The panel affirmed the district court’s order denying plaintiffs’ motion for a preliminary injunction against enforcement of the “Dealer Law,” an Arizona statute aimed at strengthening privacy protections for consumers whose data is collected by car dealers and restricting anti-competitive business practices by technology companies that provide database services for dealers.
The Dealer Law prevents database providers such as plaintiffs from limiting access to dealer data by dealer-authorized third parties and requires providers to create a standardized framework to facilitate such access. Plaintiffs sought declaratory and injunctive relief on the basis that the Dealer Law is preempted by the Copyright Act and the Computer Fraud and Abuse Act, violates the Contracts Clause and the Takings Clause, and is void for vagueness.
The panel held that it had jurisdiction under 28 U.S.C. § 1292(a)(1) to review the district court’s order denying injunctive relief, but it lacked pendent appellate jurisdiction over the CFAA and vagueness claims, which the district court dismissed before ruling on the preliminary injunction.
The panel affirmed the district court’s conclusion that plaintiffs were unlikely to succeed on the merits of their claims, and thus were not entitled to a preliminary injunction. As to the Copyright Act preemption claim, the panel held that there was no conflict preemption because the state and federal laws were not irreconcilable. Plaintiffs brought a facial challenge to the Dealer Law but could not establish that every possible application of the statute would conflict with the Copyright Act. In addition, the Dealer Law did not conflict with 17 U.S.C. § 106(1), which grants the owner of a copyrighted work the exclusive right “to reproduce the copyrighted work in copies.”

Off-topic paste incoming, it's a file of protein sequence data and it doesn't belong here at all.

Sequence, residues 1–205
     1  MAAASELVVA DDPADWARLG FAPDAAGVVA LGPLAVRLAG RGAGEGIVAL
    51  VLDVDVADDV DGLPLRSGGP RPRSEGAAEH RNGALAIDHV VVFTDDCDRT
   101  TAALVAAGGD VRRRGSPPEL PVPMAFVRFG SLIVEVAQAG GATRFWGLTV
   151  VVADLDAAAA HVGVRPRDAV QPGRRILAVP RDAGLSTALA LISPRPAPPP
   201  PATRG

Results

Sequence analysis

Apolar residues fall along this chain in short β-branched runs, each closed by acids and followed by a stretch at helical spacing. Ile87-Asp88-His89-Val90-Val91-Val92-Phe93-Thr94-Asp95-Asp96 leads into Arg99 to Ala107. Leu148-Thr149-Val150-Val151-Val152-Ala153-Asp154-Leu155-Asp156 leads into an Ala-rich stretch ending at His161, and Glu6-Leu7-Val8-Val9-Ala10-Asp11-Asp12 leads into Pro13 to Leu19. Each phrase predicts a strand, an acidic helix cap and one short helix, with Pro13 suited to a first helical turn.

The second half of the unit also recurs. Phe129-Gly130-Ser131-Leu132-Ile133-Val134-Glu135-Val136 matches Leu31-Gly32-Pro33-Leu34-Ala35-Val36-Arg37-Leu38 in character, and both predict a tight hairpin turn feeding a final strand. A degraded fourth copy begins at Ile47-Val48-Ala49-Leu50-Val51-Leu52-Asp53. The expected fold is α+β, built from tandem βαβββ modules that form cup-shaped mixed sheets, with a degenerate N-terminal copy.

The panel further concluded that plaintiffs were unlikely to succeed on their Contracts Clause claim. First, plaintiffs forfeited their claim that the Dealer Law impaired their contracts with third-party vendors. Second, plaintiffs did not show that the Dealer Law impaired their ability to discharge their contractual duty to keep dealer data confidential. Third, assuming, without deciding, that the Dealer Law substantially impaired contractual third-party access restrictions, the statute did not violate the Contracts Clause because it was reasonably drawn to serve important public purposes of promoting consumer data privacy and competition.
Finally, the panel held that plaintiffs were unlikely to succeed on their takings claim because the Dealer Law did not effect a per se physical taking, and it did not constitute a regulatory taking.
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